NSA Opponents Want to 'Nullify' Surveillance With State LawSubmitted by fonzdrew on Tue, 12/03/2013 - 22:41
The National Security Agency has an Achilles heel, according to some anti-surveillance activists. The key vulnerability, according to members of the OffNow coalition of advocacy groups: The electronic spy agency's reliance on local utilities.
The activists would like to turn off the water to the NSA's $1.5 billion Utah Data Center in Bluffdale, Utah, and at other facilities around the country.
Dusting off the concept of "nullification," which historically referred to state attempts to block federal law, the coalition plans to push state laws to prohibit local authorities from cooperating with the NSA.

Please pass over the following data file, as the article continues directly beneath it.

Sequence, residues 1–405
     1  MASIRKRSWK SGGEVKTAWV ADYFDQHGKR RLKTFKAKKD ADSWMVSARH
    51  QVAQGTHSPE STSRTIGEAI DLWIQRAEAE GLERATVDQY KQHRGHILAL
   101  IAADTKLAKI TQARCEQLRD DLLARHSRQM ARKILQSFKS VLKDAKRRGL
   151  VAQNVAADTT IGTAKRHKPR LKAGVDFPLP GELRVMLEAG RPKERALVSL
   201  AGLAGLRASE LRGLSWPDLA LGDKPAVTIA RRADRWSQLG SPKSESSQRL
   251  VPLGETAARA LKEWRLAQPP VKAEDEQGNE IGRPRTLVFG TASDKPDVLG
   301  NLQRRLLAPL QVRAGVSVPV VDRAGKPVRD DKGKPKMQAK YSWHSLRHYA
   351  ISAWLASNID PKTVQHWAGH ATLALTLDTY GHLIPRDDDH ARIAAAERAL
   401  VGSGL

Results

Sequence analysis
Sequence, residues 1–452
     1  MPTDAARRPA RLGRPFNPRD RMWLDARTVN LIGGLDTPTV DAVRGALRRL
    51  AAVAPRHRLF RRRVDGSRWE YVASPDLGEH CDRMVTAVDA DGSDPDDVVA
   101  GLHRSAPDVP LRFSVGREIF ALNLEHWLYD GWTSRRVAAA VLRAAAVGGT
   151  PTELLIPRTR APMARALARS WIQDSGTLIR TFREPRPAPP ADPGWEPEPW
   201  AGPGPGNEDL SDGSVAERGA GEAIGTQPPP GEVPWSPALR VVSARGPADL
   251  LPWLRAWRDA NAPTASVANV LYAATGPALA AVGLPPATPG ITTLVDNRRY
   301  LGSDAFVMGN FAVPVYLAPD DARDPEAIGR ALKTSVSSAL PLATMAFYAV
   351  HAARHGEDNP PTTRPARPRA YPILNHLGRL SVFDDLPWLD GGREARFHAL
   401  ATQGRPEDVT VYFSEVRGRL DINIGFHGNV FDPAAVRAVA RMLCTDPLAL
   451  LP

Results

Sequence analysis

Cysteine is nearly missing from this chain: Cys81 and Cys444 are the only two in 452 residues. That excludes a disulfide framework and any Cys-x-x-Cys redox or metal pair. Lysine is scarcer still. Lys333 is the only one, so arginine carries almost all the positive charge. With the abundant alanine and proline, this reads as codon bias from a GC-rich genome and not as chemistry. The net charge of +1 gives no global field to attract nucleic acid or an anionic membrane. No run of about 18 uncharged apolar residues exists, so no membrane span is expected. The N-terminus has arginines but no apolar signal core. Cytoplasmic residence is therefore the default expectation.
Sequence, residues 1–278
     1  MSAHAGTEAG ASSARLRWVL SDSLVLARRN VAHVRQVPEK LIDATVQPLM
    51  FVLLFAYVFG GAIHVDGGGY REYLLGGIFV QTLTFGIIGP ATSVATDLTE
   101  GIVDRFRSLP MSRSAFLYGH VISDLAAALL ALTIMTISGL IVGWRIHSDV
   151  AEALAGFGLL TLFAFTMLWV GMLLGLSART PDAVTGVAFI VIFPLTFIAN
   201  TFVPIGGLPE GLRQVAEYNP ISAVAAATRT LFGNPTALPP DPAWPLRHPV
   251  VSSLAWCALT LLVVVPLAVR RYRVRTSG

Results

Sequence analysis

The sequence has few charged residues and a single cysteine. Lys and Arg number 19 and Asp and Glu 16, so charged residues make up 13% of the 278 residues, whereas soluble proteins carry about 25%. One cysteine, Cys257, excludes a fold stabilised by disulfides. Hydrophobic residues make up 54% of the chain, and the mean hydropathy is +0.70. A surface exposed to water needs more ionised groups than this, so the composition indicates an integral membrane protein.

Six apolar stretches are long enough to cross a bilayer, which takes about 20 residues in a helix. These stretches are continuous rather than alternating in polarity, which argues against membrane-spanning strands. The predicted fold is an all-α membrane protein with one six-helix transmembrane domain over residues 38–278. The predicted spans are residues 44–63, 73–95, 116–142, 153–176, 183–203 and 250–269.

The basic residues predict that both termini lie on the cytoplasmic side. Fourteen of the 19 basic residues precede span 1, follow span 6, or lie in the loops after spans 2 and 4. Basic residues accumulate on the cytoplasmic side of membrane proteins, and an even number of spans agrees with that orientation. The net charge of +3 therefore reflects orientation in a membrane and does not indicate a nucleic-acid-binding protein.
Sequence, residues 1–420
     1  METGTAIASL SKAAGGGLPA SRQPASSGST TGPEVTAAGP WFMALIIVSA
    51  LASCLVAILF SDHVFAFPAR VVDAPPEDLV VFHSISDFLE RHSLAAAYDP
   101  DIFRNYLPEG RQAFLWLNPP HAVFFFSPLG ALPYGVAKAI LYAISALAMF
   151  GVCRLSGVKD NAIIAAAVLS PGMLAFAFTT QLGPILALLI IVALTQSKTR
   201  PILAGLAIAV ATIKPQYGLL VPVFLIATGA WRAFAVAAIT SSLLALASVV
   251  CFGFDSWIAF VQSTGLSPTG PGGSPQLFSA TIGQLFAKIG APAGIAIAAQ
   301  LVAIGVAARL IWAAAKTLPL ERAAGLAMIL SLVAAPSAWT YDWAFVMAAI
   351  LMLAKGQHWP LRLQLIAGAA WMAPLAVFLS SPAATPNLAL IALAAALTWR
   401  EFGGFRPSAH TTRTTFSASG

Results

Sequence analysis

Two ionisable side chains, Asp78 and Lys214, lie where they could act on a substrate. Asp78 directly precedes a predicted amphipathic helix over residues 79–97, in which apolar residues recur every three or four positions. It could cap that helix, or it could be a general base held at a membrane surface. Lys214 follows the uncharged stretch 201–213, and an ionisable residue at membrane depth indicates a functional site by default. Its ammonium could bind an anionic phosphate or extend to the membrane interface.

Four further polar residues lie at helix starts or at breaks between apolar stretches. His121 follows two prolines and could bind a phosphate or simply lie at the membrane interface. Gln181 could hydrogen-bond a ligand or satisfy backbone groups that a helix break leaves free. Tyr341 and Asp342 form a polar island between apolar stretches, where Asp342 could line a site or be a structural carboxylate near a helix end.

Draft state-level legislation called the Fourth Amendment Protection Act would – in theory – forbid local governments from providing services to federal agencies that collect electronic data from Americans without a personalized warrant.
No Utah lawmaker has came forward to introduce the suggested legislation yet, but at least one legislator has committed to doing so, according to Mike Maharrey of the Tenth Amendment Center. He declined to identify the lawmaker before the bill is introduced.
"We are still very early in the campaign, and this is in fact a multi-step, multi-year long-term strategy," says Maharrey, whose group is part of the OffNow coalition along with the Bill of Rights Defense Committee and a handful of other groups.